If your trainer were so inclined, they could take note of Merriam Webster dictionary’s eight different definitions for the verb to see, focusing on meaning #8: imagining something by forming a mental picture.

They could use that meaning as a catalyst for introducing a common English multi-word in a realistic context (that is, in a realistic situation for a realistic function/purpose). They could present a little story to do this:

In a casual chat over FaceTime between friends, Person A is being told by Person B about Person C’s recent kindness/generosity (เกรงใจ) towards Person D. In this story, Person A would like to communicate to Person B that they can imagine Person C behaving in that way towards Person D.

So, Person A says the multi-word:

“I could see that.”

What your trainer has done here is highlight one meaning of the single-word vocabulary item “see” (to imagine something is possible) to introduce the four-syllable multi-word vocabulary item “I could see that.”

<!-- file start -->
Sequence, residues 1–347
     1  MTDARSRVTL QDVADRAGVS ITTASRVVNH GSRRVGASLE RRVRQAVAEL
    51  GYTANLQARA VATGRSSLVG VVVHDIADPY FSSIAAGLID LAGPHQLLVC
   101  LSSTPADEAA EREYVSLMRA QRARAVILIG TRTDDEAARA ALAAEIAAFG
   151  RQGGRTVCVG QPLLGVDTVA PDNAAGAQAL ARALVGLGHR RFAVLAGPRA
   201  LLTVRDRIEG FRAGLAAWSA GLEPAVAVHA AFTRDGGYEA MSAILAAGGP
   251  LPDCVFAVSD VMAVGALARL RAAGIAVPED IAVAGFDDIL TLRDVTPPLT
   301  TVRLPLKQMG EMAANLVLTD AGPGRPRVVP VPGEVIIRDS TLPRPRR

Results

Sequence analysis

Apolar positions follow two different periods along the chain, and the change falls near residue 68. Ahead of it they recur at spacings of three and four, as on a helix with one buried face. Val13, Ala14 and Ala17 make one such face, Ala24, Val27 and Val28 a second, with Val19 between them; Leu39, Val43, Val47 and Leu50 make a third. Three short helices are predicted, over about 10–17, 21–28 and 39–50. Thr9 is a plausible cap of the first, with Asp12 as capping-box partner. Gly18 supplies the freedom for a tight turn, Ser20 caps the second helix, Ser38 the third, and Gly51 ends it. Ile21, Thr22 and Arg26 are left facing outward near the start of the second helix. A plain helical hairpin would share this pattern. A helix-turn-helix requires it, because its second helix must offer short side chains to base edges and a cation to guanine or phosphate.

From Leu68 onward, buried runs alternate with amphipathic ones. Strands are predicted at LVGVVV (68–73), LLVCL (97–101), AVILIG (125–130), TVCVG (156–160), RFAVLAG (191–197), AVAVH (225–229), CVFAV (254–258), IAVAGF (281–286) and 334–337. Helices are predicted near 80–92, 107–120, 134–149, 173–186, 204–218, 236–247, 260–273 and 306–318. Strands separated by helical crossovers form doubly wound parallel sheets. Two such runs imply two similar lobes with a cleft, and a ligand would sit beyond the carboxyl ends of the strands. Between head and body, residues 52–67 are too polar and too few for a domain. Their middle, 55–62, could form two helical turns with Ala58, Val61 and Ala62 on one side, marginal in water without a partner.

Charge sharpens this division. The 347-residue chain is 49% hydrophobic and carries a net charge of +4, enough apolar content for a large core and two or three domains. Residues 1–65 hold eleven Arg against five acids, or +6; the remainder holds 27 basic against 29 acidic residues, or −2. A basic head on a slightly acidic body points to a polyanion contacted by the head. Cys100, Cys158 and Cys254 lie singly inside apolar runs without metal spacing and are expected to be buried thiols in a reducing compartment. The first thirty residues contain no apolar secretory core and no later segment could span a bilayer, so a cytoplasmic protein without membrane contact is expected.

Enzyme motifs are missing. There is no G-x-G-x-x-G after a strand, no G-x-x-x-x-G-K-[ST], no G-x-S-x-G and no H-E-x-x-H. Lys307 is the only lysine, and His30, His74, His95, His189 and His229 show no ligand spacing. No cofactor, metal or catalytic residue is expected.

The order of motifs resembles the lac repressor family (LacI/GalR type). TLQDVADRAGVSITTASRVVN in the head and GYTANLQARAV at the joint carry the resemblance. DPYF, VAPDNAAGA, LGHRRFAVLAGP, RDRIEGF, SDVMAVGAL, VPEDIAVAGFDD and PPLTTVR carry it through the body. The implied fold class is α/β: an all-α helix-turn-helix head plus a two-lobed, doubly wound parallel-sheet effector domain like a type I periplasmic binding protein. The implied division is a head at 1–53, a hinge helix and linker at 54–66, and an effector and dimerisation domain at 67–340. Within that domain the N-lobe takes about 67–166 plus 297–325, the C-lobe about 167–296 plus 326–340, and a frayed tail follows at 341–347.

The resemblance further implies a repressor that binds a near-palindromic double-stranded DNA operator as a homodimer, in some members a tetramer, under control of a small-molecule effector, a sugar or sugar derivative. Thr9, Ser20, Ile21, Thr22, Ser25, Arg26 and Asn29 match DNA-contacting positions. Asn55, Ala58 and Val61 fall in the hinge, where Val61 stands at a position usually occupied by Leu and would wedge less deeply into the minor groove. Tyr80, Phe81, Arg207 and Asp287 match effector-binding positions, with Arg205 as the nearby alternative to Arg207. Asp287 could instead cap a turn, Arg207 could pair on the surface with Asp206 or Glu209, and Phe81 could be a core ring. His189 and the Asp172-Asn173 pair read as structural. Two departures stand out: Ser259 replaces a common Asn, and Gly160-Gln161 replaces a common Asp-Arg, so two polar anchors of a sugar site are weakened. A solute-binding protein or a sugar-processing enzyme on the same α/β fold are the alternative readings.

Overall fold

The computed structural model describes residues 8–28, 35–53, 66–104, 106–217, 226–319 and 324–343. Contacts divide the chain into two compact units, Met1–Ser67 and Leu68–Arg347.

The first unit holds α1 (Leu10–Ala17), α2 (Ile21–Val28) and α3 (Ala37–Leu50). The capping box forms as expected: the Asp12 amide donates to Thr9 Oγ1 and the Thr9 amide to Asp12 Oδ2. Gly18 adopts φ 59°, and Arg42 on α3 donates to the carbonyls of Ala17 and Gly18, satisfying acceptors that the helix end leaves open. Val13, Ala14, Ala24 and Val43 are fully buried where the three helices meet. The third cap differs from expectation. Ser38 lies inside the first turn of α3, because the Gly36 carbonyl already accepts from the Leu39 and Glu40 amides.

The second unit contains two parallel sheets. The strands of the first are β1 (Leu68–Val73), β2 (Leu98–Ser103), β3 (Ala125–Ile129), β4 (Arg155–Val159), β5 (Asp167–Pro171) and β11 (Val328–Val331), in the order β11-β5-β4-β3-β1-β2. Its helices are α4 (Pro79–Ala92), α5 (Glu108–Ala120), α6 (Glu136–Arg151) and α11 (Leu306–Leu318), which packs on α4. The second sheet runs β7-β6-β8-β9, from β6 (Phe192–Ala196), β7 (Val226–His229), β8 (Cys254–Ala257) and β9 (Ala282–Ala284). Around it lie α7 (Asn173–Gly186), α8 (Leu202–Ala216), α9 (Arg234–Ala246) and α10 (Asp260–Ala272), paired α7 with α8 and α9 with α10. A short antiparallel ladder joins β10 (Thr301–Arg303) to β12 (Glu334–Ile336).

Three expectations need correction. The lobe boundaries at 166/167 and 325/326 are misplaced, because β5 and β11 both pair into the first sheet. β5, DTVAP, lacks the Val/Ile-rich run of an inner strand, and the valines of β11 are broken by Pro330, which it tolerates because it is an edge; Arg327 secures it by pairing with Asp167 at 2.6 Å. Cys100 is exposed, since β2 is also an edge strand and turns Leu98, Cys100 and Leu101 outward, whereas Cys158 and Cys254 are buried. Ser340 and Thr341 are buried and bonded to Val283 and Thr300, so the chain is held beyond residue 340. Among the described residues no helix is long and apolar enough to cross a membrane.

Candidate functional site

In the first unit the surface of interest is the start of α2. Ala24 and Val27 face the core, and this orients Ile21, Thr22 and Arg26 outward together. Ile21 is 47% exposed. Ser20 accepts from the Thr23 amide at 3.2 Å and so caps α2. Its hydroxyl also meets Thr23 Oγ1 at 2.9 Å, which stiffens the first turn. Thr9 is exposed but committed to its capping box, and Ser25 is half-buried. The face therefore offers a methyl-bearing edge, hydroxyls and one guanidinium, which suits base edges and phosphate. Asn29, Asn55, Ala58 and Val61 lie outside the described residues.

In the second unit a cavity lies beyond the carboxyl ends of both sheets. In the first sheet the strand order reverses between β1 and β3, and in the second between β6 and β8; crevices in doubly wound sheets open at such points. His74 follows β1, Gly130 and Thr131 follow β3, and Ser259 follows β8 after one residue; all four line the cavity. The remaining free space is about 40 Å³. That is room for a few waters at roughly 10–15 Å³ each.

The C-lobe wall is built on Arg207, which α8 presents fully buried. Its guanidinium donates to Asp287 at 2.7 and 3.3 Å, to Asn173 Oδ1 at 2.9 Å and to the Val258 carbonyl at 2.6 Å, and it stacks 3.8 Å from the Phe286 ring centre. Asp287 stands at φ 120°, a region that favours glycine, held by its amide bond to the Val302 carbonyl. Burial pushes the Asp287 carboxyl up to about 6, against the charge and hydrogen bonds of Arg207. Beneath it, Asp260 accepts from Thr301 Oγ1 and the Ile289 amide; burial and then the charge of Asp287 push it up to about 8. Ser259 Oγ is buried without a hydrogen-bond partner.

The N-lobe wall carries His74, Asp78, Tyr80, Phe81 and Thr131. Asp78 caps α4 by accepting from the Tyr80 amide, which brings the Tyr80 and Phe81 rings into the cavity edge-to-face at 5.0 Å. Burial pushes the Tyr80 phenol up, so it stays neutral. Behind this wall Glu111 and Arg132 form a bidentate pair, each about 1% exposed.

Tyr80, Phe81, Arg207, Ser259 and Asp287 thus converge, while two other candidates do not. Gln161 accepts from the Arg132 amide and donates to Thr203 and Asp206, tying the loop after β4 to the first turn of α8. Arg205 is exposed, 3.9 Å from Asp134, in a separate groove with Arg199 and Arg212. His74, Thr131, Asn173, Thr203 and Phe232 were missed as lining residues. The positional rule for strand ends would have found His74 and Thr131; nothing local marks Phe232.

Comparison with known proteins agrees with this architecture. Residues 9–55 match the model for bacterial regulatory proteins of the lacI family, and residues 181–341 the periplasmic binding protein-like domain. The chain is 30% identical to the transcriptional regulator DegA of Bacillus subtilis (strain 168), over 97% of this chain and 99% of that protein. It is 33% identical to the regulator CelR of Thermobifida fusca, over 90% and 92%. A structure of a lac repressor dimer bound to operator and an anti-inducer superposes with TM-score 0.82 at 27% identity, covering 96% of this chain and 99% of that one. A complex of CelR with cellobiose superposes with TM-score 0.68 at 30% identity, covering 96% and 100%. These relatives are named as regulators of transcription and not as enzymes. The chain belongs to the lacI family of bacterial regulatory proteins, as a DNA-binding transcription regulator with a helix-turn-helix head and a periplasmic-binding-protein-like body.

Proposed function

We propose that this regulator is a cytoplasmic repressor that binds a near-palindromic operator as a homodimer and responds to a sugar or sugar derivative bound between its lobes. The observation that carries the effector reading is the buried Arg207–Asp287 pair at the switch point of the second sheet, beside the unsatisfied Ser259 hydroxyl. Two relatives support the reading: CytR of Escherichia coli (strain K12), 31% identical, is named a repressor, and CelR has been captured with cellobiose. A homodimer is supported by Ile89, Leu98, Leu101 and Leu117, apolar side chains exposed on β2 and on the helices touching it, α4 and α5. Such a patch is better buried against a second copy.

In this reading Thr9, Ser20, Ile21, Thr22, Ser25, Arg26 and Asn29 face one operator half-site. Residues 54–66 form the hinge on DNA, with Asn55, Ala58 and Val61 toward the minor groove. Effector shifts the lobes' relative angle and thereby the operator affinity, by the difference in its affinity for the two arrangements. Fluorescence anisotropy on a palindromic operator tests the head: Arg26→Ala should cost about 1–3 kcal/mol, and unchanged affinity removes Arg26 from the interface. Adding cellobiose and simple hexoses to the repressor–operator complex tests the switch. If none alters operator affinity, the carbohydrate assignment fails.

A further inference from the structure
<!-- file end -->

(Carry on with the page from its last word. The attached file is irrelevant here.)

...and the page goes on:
This is a valuable bit of vocabulary: We can say “I could see that” whenever we want to show that we can imagine or believe something to be true. I say it often.

Please notice that ECSC’s default mode is to avoid providing structural analyses like Subject + modal verb + V1, etc., before introducing “I could see that.” This is because the entirety of the multi-word is what’s important (vocabulary), not the individual components (grammar).

Of course, if a student is interested in a multi-word’s inherent grammar, their trainer will be more than happy to discuss it. We may be opposed to teaching grammar as the basis for learning language, but we are prepared to do so with inquisitive learners.

The next stage of your lesson could be where your trainer uses other meanings of to see as catalysts for introducing other common English multi-words, perhaps ones which also include the word “that”:

  1. “Could I see that?” (to notice with one’s eyes)
  2. “That’s how I see it.” (to feel or have an awareness of) And, ones which don’t include “that”:
  3. See what I mean?” (to realize or come to an awareness of)
  4. “I see your point.” (to know or have a clear awareness of)

At this stage of the lesson, your trainer could introduce different tenses and negative forms of the new multi-words (where applicable):

Foundation of lesson: to see
Initial multi-word: “I could see that.”